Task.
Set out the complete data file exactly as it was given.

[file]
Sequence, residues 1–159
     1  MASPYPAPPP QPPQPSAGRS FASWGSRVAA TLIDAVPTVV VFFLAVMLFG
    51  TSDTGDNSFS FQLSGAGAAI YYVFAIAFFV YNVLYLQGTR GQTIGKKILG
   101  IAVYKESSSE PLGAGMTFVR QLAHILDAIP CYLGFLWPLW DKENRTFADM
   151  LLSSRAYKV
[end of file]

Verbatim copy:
Sequence, residues 1–159
     1  MASPYPAPPP QPPQPSAGRS FASWGSRVAA TLIDAVPTVV VFFLAVMLFG
    51  TSDTGDNSFS FQLSGAGAAI YYVFAIAFFV YNVLYLQGTR GQTIGKKILG
   101  IAVYKESSSE PLGAGMTFVR QLAHILDAIP CYLGFLWPLW DKENRTFADM
   151  LLSSRAYKV